Silver, tueir biightness increases with the length of wear. 


ABEL 'MORRALL'S Needles can he obtained in most towns in the 
United Kingdom. The most convenient town or place to procure 
them may be ascertained by writing to 

miK&M.A'miLi HOBBiilLIL^^ 



WILLIAM SHIERS and Co., Manufactiu-ers and Im- 
porters of Paper-hangings. An extensive stock of the 
Newest designs. Oil Painttrs and Upholsterers Articles, 
"Wholesale and Eetail and for Exportation. 
3 and 5, DEANSGATE. 

S. nOTVLEY ^ & On., 

Manufacturers & Agents of 



72, Eensliaw Street, Stretford Uoad, Mancliester. 

TEETH — EDWAhD mi ES^ the Cicy ol Lonrl n D -ntist, 15, 
Liverpool ST., Bi-hopgate Ch'irch. cnnti ue? ihe use fth* Best 
"Workmansh p in f-et- ot Ti eth and sarh as cannot bi'txcelled io 
London. Amsrica, or Paris, adnptiufr it to pvry I'atcni pnd to all hi« 
New Inventions, <fe Improvements, the result ff 3 ' ypurs actire prac-- 
tiee, at charges as m .derate ^s pure materials admi;, some ofwhichare 
less than ha fihose u«ua!ly ma'le, — Moreexplaine ii'i i^.dward Miles' 
abridged v.'ork —Best Gdd Stoppinsr, Whiie,— 15 L-verrrool otreet. 




Sold by Grocers. &e. in Pacliets at Id. avA upwards, 


West Ciiff House, Cold Bath Road. 

Victoria Commercial Tem.perance Hotel, 
14, Eishopgate St., Leeds, 

(Next door to trie Scarborough Hotel.) 
Commercial Gentlemen and Visitors will finrJ every com- 
fort and attention. J. ANDREW, Proprietor. 


l^='Turn to the right as you leave the Railway Station, A 
Five Minutes Walk will bring 3-ou to WALL'S 

Temperance Hotel, 25, SiddeFs Road. 


Crown Temperance, Commercial, and Eamily, 


Passengeis by walking up the steps facing the Central 
Station, will reach the Hotel in One xMinute. 

No 8, Clayton Street, (West.) 

E. P. BELL, Proprietor. 


illiam Hodgson, Photographic Artist, 
Matlock Bridge, Derbyshire. 


TO BE LET, A Large and Commodioxis Stock Eoom, 
also Xwo Smaller Ones, suitable for Offices, (witli fix-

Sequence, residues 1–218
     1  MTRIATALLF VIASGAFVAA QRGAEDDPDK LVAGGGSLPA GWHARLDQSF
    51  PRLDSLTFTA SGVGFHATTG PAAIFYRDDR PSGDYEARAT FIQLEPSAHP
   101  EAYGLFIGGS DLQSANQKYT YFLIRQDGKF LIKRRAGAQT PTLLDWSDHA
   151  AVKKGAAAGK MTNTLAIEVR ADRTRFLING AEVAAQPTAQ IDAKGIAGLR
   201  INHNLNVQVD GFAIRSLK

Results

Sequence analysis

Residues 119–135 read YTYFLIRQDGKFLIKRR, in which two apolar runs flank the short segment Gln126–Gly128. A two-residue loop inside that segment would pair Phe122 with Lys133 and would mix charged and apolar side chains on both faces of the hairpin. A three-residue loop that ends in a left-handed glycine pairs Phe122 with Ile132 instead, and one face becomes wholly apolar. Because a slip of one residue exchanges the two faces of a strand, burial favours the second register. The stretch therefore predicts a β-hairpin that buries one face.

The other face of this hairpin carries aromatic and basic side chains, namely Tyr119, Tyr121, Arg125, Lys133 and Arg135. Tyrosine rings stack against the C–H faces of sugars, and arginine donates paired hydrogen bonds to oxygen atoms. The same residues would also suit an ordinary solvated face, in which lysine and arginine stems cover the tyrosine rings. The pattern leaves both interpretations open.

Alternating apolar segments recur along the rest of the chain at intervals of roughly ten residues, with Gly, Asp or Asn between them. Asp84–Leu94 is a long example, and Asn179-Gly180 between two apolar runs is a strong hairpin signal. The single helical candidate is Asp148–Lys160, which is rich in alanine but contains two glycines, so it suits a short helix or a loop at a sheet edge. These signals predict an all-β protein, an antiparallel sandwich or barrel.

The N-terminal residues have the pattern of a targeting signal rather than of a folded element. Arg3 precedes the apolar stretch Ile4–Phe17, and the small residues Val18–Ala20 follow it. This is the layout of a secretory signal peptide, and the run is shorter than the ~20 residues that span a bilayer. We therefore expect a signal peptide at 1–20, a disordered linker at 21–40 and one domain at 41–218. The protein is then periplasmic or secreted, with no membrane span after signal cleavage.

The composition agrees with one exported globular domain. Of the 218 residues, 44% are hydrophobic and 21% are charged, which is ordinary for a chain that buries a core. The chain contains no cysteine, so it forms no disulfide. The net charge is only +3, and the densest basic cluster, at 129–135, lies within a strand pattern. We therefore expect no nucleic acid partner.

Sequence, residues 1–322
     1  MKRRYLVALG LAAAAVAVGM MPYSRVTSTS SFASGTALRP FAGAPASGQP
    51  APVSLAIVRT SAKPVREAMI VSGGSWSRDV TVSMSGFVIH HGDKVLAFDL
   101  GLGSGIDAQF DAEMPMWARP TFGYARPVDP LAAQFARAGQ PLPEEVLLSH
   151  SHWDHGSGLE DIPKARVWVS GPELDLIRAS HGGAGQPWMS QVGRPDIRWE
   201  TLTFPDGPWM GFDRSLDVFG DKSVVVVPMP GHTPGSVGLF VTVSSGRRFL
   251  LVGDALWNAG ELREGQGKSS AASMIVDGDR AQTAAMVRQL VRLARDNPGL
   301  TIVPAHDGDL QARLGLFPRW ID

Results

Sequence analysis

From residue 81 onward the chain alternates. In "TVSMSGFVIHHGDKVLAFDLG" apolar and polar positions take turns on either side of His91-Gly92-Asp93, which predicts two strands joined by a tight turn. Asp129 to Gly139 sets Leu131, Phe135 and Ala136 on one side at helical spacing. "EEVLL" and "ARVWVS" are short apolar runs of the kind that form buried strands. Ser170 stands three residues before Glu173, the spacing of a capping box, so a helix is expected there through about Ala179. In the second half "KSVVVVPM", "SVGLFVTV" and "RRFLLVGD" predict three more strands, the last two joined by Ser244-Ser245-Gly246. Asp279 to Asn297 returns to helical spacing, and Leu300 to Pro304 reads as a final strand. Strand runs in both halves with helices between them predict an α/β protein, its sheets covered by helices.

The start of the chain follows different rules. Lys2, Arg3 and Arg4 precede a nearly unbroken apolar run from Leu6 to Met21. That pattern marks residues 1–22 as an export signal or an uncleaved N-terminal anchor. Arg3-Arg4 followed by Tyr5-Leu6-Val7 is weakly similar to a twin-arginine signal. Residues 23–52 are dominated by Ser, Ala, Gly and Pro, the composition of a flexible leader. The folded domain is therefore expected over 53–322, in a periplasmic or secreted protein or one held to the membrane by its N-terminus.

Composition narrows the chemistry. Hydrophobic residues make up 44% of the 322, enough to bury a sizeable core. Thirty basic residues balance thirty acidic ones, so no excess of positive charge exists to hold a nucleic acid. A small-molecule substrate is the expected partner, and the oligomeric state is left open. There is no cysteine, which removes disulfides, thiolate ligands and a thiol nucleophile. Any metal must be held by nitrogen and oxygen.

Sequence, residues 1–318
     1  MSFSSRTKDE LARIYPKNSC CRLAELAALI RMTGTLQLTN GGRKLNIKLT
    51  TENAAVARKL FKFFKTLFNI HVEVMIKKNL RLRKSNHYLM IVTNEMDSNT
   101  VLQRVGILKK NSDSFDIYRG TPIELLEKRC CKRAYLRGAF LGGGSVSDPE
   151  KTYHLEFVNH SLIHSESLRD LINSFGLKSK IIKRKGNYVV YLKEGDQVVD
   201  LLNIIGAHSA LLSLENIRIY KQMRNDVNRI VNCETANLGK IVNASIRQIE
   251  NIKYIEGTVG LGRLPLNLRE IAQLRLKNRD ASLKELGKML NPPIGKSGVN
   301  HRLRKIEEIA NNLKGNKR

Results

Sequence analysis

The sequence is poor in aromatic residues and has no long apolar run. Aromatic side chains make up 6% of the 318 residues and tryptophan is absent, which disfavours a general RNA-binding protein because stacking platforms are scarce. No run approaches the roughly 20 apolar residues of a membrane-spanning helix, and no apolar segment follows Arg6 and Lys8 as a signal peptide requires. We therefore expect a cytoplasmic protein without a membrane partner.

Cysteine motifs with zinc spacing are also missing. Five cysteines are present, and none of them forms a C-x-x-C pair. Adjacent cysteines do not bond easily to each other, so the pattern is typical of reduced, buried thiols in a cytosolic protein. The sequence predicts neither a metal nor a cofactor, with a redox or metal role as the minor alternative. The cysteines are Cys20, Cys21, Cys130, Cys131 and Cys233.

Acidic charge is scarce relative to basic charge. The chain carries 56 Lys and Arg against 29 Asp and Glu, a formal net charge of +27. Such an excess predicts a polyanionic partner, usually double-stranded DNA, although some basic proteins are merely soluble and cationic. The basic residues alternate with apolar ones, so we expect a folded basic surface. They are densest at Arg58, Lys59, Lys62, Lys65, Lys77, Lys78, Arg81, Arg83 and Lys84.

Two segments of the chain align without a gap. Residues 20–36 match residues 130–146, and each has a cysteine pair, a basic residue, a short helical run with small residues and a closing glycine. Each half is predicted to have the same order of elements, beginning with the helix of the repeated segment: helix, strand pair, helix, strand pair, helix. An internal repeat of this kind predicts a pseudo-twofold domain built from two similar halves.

tui'es,) either together or separately. Apply on the prem- 
ises, 7, High Street, Manchester. 






Hosier & General Haberdasher, 



Graduated HEADS, and patent four-square points in 
all sizes. 

Morrall's Wareliouse, 7. Higli Street, Eancliester. 

ROOMS, 5, Dautzic-st., Withy Grove, Manchester* 
Hot Joints, Pastry, &c. from 12 to 3 o'clock.— Tea & Coffee 
on the shortest notice.— Dinners 6|d Pastiy 2d. extra. 


Shops supplied with every description of 



Grreen Clotli Boxes for Keeping Stock, 


Estimates for Large or Small quantiiies t.ent to all parts of the Country, 

To Manufactiirers, Chemists, Ironmongers, Wholesale 
Grocers, Druggists, &c. 

Clotli Luggage Secure Dii'ection Labels, 




Send for Prices. Stationers Supplied. 



Are preferred by Tail<r.<;, Fhre binders, Stay IMftkers, and even by 
some Lndies to his Ci-lebrated E^.-Eyed Needles, and are nold by the 
principal dealers who will forward 100 posi free for 13 stamps. 

ABEL MORR.ll.L'S Harness and SaddJtrs' Needles 
Quilting and Circular Needles, Egg Eyed Looping 
Needles, Upholsterers' & other needles are soid RetaQ in 
Manchester, by 






Victofia-st, foo? of Holborn-hill, nenr the Mptioi^litan Railway 
Stitiot.. — Terin«mnde/ate -viz :--Bi^'d fromls. 6fi, Bn-akfast o lea 
frninl>.3d, A'tendancp^d.ier da> .---'1 E-TllNK tMALy.-- « ehave 
great pl*-asure in re'-rimnif ndins Ptarr's Hutel, as being a perfectly < lean 
Comfortablt', and well-conducted Kstablishm-nt, and intend making 
it our ' Home" when in London." — Handel Cosi-ham, E~q. Bris ol;